“I learned early on that you have to give the chef the creative freedom to do what he or she does best and that is to create a dish that pairs great with this particular beer. When you do that, you don’t dictate, you don’t prescribe, you just say, ‘This is the beer and these are the characteristics of it.’ You can give them a handful of ideas to compare with and they will typically run with that. They will create a dish that pairs well with each beer.”
This event was part of a five-city Brewmaster Dinner tour. How was Nashville chosen?
– “Well, Nashville is a beer city. People really appreciate beer here. It’s up and coming and this place is awesome. This is our last stop of the White IPA tour. It’s amazing to finish up in this city, because, to me, it is a huge accomplishment. I would say 10 years ago, here, people didn’t appreciate different beers, but the market has changed so much. Now, if I can launch a beer here and people tell me they love it and they appreciate, I know that beer’s going to be a huge hit, because people here are very critical of their music and their beer.”
“I worked hard to design this beer, to give it that grapefruit-citrus nose, the bitterness that’s smooth and that drinkability that our fans expect of Blue Moon. For me to hear so many great comments about our White IPA from consumers, retailers, beer lovers, beer aficionados, novice beer lovers, but for them all to say it was an amazing beer, that, to me, says this is going to be really big. To hear the fans, here, in Nashville, of all places, if they love this beer, I know it’s going to be a hit. It was a great way to finish up our White IPA adventure.”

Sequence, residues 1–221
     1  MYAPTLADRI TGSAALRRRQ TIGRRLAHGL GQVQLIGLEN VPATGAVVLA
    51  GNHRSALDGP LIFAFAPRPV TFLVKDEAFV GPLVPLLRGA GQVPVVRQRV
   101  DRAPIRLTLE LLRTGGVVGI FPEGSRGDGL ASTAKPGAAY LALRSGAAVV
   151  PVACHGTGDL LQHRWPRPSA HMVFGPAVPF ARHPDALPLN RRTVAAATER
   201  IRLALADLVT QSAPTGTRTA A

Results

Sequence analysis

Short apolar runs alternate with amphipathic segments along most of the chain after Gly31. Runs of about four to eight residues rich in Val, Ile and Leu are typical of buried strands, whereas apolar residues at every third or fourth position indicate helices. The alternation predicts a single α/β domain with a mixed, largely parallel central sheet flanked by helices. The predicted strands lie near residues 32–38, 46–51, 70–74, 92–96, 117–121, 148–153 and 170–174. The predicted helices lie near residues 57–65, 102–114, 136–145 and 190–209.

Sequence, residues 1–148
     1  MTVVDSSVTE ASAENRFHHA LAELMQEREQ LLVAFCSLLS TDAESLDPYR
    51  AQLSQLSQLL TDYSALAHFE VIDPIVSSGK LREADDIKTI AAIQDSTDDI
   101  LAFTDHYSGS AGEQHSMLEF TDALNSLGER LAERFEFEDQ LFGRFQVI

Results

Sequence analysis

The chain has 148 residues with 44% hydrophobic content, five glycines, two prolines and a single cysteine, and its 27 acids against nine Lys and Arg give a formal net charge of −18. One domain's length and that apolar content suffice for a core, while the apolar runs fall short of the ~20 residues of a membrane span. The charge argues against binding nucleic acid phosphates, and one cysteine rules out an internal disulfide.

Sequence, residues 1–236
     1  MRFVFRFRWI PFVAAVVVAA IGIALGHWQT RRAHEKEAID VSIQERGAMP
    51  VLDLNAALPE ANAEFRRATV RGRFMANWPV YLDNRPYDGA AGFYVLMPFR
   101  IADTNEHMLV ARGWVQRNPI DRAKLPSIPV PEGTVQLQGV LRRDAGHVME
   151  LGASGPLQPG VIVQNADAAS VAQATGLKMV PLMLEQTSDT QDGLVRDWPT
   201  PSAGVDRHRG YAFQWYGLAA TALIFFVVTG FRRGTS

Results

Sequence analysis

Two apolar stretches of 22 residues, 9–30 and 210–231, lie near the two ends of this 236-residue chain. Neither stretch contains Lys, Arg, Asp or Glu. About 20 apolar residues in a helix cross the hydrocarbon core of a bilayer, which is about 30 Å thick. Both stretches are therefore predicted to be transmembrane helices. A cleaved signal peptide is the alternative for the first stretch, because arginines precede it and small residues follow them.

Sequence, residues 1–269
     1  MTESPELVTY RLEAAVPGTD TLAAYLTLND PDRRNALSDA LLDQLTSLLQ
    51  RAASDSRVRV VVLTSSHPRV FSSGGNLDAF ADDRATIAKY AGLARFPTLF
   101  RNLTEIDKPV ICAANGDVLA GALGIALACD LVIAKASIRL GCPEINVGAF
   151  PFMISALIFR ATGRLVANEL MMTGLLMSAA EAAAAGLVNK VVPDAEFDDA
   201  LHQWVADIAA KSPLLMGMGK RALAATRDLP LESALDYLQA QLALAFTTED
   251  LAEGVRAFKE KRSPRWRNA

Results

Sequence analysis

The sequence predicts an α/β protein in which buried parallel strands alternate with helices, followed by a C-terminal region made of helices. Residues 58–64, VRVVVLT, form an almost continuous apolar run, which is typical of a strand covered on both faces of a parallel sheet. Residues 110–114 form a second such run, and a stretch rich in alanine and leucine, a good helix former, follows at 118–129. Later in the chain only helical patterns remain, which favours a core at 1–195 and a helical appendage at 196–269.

Blue Moon is not new to Tennessee. Can you tell me the brewery’s history with our state?
– “A lot of people don’t realize that Tennessee was our home for five years. From 1999 to 2004 we actually brewed Blue Moon in Memphis, Tennessee. This is where all the Blue Moon in the states came from. That is the period where people around the U.S. discovered Blue Moon and it all came from Memphis. I spent a lot of time there. That’s when I first discovered wet and dry barbecue. I didn’t know the difference. Out in Colorado, we don’t have barbecue. (laughs) That’s when I discovered our beers paired well with a lot of the local foods.”